‘Vanity Fair’ is the first outlet to photograph the leading players of Broadway’s ‘Frozen.’ It is a stunning shot captured high in the Rocky Mountains while the show played Denver.
The Rocky Mountains made for the picture perfect background as Vanity Fair captured the stars of Broadway-bound’s Frozen in their first photo shoot for a media outlet -- and ET has an exclusive look behind the scenes.
On top of Copper Mountain outside of Denver, Colorado, Patti Murin (Anna), Caissie Levy (Elsa) and Jelani Alladin (Kristoff) are dressed in their characters’ famous costumes, designed by Christopher Oram for the stage. Meant to look like the story’s Norway setting, fake snow adds extra detail to images of Elsa wearing a light blue-colored gown and cape posing on what appears to be the top of her ice castle. She waves her arms in a similar manner to how the Disney princess did in the top-grossing animated film of all time. Anna, who’s dressed in an off-the-shoulder green gown with a dark green bodice, stands beside her sister with her love interest, Kristoff, just off to the side.
Photographed by Andrew Eccles, the shoot happened while the show was performing its out-of-town tryouts at the Buell Theatre of the Denver Center for the Performing Arts.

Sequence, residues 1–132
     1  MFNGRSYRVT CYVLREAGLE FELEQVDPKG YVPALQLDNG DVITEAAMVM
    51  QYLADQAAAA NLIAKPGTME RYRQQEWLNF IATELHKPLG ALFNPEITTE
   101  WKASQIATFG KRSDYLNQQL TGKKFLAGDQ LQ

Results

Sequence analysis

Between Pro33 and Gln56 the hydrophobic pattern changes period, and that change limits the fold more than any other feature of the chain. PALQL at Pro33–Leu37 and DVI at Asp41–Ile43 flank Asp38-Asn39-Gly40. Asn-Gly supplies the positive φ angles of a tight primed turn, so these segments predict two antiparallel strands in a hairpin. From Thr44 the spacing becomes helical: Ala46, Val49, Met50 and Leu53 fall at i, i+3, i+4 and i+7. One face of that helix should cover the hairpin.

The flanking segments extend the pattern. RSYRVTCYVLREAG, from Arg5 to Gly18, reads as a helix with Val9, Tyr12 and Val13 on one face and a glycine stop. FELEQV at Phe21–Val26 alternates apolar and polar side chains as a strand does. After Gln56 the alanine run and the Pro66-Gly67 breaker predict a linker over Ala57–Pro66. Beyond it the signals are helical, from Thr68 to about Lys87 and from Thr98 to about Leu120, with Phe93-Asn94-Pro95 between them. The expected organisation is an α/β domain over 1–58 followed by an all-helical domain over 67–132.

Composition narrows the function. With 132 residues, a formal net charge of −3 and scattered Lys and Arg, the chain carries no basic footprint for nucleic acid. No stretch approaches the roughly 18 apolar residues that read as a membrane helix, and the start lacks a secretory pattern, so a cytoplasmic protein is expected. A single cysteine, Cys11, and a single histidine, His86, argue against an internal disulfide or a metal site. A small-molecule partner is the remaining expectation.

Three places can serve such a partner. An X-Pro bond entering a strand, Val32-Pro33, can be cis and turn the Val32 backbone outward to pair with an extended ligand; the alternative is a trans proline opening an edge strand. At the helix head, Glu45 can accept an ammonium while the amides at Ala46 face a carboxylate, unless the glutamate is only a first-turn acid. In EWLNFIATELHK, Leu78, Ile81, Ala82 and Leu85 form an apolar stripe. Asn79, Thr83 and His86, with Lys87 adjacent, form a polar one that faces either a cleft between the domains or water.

“Denver was magical. We’re really excited to unveil what we’ve come up with,” Cassie Levy tells ET about the move to Broadway in the spring. The highly anticipated spectacle, with music and lyrics by the creators of the hit film score Kristen Anderson-Lopez and EGOT-winner Robert Lopez and a book by Jennifer Lee, is an expanded story about the two princesses. ”We’re [treating] this like a new piece of theater,” explains Murin. “This is what we’re doing and that’s how we’re going to approach it.”
Frozen will join Disney Theatrical hits Aladdin and The Lion King on Broadway, when it begins previews on Feb. 22, 2018 at the St. James Theatre. The show officially opens Mar. 22. Just like those shows, this production has been aged up and deepened for the stage, its director Michael Grandage reveals. “They’re not trying to recreate the film on stage. We’re really making it its own entity,” Levy adds. “So for that reason we are able to have a little more freedom and kind of go deeper with the characters.”
“The story comes from a very personal, emotional place of what happens when a family is dealing with secrecy and shame and how you heal that,” Lopez previously told ET.